The Incarnation of the Son of God -- By: John F. Walvoord

Journal: Bibliotheca Sacra
Volume: BSAC 105:417 (Jan 1948)
Article: The Incarnation of the Son of God
Author: John F. Walvoord


The Incarnation of the Son of God

John F. Walvoord

[Author’s note: This article begins the study of the Son of God in the incarnate state with the consideration of the contribution of Messianic prophecy. Later articles will include a survey of the types of Christ in the Old Testament, the consideration of the incarnation itself, and a discussion of the person of the incarnate Son of God.]

Introduction

The incarnation of the Son of God is one of the important lines of revelation in both the Old and New Testaments. The whole plan of the ages has the incarnation as its central and most important aspect. The incarnation is at once the revelation of God, the revelation of man, and the revelation of salvation in the plan of God, the scope of the revelation being so vast that any major aspect of it becomes itself an extensive field of study.

The plan of consideration here for the most part waives the discussion of critical schools of interpretation in favor of a more simple, Biblical approach. The apologetic for the doctrines considered hangs on the doctrine of the inspiration and infallibility of the Scriptures. Others have dealt with these problems.1 Assuming the Bible to be an accurate revelation in this field of doctrine as in others, the problem to be considered is the content and significance of Biblical teaching on the incarnation. As a background for the study of the incarnation itself, the field of Messianic prophecy and typology will first be investigated.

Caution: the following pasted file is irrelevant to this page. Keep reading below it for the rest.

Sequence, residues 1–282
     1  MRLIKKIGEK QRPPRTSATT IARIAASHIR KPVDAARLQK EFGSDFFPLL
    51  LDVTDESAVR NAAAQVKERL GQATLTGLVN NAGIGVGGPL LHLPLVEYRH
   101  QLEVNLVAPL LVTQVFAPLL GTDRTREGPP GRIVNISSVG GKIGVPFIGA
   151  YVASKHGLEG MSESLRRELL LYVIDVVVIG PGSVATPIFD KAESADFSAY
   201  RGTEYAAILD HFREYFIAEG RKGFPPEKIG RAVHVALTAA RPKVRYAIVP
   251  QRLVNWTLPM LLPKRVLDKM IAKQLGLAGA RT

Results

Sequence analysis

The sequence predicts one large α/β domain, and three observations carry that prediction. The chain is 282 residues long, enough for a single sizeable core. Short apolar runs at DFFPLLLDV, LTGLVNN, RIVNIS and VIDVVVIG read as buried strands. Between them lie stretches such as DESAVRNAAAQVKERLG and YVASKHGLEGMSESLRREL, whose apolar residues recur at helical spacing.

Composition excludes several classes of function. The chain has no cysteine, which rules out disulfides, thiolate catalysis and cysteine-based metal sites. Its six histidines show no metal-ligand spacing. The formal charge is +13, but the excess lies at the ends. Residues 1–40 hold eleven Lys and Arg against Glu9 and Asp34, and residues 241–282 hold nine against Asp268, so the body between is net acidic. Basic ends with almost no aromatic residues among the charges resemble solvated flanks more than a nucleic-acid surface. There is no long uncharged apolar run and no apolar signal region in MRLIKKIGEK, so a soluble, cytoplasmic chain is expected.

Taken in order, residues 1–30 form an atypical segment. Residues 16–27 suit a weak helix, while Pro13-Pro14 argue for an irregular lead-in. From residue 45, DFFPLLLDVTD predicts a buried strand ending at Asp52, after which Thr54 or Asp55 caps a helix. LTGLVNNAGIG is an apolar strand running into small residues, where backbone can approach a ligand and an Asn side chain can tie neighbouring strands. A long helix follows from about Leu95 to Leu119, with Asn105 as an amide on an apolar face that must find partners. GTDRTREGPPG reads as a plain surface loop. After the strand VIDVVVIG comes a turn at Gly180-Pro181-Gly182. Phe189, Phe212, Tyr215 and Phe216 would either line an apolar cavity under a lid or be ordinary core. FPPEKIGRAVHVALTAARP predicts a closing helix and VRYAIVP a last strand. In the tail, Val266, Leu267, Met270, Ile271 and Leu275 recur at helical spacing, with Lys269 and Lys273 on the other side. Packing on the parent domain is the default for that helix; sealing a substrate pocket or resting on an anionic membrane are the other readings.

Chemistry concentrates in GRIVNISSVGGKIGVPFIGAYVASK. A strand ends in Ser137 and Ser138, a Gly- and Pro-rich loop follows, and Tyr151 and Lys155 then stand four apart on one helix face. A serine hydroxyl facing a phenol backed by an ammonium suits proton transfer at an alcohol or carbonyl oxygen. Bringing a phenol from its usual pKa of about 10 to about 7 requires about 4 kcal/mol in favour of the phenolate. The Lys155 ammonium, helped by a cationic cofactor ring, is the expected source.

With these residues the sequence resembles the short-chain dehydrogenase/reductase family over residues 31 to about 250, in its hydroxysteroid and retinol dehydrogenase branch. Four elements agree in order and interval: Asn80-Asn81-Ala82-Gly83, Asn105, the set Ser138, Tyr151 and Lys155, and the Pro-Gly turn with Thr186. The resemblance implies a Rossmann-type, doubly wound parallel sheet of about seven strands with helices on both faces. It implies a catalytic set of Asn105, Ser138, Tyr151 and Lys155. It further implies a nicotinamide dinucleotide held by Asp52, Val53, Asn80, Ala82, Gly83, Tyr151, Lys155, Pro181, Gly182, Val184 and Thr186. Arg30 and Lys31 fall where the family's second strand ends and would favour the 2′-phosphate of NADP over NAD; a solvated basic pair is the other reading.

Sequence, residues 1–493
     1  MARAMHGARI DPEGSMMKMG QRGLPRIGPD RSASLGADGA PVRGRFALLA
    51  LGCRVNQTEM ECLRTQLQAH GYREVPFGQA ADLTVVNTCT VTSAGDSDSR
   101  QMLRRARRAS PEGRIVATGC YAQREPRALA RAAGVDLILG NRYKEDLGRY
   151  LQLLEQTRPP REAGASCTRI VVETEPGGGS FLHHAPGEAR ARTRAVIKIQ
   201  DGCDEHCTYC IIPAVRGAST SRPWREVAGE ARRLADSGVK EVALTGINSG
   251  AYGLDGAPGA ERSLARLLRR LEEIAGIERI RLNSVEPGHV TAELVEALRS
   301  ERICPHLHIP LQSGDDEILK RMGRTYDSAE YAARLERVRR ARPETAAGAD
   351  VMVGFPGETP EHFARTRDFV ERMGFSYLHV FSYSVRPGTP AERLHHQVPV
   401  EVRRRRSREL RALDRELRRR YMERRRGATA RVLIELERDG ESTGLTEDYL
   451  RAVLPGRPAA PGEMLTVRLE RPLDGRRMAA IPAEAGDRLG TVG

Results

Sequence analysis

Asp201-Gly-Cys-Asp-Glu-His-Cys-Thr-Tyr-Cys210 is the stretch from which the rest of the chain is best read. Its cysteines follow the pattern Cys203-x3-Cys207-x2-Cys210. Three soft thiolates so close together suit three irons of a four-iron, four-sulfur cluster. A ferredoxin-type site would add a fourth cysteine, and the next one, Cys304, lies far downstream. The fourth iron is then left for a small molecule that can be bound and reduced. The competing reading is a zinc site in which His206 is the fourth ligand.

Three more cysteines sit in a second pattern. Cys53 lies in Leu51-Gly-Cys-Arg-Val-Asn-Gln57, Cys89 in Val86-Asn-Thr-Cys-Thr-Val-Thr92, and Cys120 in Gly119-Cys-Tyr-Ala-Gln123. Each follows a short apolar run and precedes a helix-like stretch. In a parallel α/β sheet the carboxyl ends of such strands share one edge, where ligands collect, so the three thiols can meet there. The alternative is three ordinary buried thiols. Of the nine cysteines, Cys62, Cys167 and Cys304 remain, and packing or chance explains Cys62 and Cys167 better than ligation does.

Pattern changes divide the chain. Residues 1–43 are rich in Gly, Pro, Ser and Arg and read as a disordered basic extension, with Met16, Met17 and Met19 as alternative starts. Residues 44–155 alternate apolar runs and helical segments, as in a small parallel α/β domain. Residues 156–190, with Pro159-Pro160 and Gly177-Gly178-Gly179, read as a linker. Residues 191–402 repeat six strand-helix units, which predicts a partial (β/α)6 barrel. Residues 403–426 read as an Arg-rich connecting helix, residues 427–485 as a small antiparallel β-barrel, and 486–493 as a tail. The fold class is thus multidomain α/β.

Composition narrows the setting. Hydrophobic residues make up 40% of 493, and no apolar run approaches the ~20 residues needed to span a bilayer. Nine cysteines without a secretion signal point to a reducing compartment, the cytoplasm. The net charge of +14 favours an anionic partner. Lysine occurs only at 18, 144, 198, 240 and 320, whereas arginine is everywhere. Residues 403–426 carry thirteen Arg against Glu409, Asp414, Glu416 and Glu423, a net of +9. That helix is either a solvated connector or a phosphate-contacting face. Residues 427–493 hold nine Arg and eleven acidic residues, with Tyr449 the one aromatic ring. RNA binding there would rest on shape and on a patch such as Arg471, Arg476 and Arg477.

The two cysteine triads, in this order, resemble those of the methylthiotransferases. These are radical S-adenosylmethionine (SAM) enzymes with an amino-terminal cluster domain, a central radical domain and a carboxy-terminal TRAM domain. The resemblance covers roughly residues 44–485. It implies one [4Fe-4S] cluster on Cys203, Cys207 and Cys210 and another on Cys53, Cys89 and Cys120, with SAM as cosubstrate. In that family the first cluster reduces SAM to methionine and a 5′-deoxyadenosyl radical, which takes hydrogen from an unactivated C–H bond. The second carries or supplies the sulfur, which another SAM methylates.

I. Messianic Prophecy

The Old Testament anticipations of the incarnation of the Son of God are commonly summed in the word Messiah. The English word is derived from the Greek Μεσσίας (Messias) which is a transliteration of the Aramaic form of the Hebrew משׁיח. The equivalent in the New Testament is

Χριστός or Christ. In the Old Testament the adjective form of the Hebrew is used for priests (Lev 4:3, 5, 16; 6:22) and the noun form used for kings (Saul, 1 Sam 24:6, 10; David, 2 Sam 19:21; 23:1; Zedekiah, Lam 4:20). The term Messiah was used as a designation of the hope of the ...

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